The governmental tax revenue is measured and classified according to a templet of survey of the National economy, recognize the effect on the economy for each type of tax.
- Production and import taxes are for example, value added taxes, duties, registration fees, and fuel fees.
- Income- and property taxes are taxes and duties such as governmental taxes, municipal taxes, corporation taxes and pension fees.
- Compulsory social insurances are for example fees to Labor Market Supplemental Pension Fund, unemployment insurance, fees to the parental leave system, and fees to health insurance.
- Capital taxes are mainly inheritance tax.
The total tax burden is taxes in per cent of gross domestic product.
The adjusted tax burden in per cent of gross domestic income.
The modified tax burden is the available general gross income in percentages of the gross domestic product.
The factor tax level is taxes in percent of gross domestic product at factor cost.
Various measurements of tax burden:
The most common method that is used in international comparisons is, when all taxes and duties are measured against the gross domestic product in current prices.
Total tax burden = tax in percentages of GDP
The gross domestic product is all the production in the economy with the production consumption subtracted. The gross domestic product does therefore not depict the income of the economy. One part of the income is wages and property incomes from abroad. Also operating transfers from other countries, for example the Danish Government subsidy to the Faroe Islands. As well as the wages, incomes and transfers out of the country. All these combined create the gross domestic income in current prices.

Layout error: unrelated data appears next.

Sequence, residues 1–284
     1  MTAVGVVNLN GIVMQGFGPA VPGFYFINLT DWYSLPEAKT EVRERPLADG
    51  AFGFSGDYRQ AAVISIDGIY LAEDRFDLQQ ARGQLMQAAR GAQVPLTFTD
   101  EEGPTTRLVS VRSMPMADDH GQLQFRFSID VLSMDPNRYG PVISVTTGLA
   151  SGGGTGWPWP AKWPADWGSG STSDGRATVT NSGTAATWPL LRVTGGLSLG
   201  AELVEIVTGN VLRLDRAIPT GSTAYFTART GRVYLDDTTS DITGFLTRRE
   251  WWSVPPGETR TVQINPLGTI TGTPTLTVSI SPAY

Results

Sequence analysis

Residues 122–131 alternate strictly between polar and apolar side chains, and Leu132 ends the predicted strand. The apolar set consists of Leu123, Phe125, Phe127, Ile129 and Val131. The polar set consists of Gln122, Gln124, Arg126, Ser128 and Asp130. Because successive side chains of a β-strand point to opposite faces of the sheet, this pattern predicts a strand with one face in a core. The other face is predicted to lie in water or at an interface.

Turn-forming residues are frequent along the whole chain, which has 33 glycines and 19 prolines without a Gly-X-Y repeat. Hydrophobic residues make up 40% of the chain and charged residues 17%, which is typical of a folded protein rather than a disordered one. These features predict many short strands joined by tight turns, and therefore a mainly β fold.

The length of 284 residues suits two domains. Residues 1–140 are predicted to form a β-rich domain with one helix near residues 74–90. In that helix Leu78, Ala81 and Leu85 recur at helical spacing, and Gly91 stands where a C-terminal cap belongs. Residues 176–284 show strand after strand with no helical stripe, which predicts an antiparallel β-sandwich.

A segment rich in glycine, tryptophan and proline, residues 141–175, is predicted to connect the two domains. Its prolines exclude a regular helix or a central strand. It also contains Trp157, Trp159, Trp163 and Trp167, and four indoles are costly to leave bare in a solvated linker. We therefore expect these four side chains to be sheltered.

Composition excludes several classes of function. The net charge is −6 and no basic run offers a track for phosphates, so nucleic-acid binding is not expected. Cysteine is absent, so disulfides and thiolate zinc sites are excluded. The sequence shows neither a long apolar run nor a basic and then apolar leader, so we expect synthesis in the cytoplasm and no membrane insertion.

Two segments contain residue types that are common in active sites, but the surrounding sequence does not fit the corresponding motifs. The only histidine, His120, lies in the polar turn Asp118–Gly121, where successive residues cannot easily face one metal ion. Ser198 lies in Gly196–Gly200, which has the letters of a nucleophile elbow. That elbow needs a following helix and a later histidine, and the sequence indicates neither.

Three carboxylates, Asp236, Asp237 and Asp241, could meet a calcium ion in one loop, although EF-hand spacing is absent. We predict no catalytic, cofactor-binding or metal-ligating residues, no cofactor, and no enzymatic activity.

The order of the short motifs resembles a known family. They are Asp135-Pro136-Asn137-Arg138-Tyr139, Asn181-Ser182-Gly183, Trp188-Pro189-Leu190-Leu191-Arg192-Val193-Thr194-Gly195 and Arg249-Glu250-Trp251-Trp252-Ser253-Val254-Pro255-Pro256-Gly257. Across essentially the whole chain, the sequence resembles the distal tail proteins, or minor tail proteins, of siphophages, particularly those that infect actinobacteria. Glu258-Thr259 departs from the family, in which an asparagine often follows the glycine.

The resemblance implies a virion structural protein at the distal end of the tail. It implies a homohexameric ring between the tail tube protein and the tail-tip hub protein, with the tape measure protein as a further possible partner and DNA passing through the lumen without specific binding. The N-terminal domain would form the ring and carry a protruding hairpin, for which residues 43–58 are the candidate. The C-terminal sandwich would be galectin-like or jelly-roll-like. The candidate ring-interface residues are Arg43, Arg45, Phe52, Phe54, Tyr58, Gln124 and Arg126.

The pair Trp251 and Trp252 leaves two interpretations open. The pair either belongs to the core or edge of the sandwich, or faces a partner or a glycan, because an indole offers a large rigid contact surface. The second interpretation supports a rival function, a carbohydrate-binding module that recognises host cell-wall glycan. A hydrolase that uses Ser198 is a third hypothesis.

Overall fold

If all taxes and duties are measured against the available gross domestic income, it becomes apparent how much of the available gross national income the general service sector gets of the taxes and duties. This is called adjusted tax burden and is measured like this:
Adjusted tax burden = taxes in percentages of the available gross domestic income
A portion of the general tax revenue is returned to the citizens in the form of incomes and industry subsidies. The wages are not a part of the gross domestic product, because this is solely a redistribution of incomes and consumption possibilities. The available gross domestic income illustrates how much the citizens pay of the general consumption and savings. The modified tax burden does therefore depict how much of the available gross national income is of the disposal of the general service sector. This is calculated as:
Modified tax burden = Available general gross income in percentages of the available gross domestic income
Commodity- and production taxes are included in both the tax burden in the GDP in current prices. If a large sum of the taxes is collected through income tax, and a smaller sum through commodity- and production taxes, will the total tax burden increase, all else being equal, despite the total taxes being unaffected. This is considered if commodity- and production taxes (net) are excluded, and factor prices are used instead of current prices. The gross domestic income is measured in factor prices and is called gross factor income. The factor tax level is calculated like this:
Factor tax level = Taxes in percentages of the gross factor income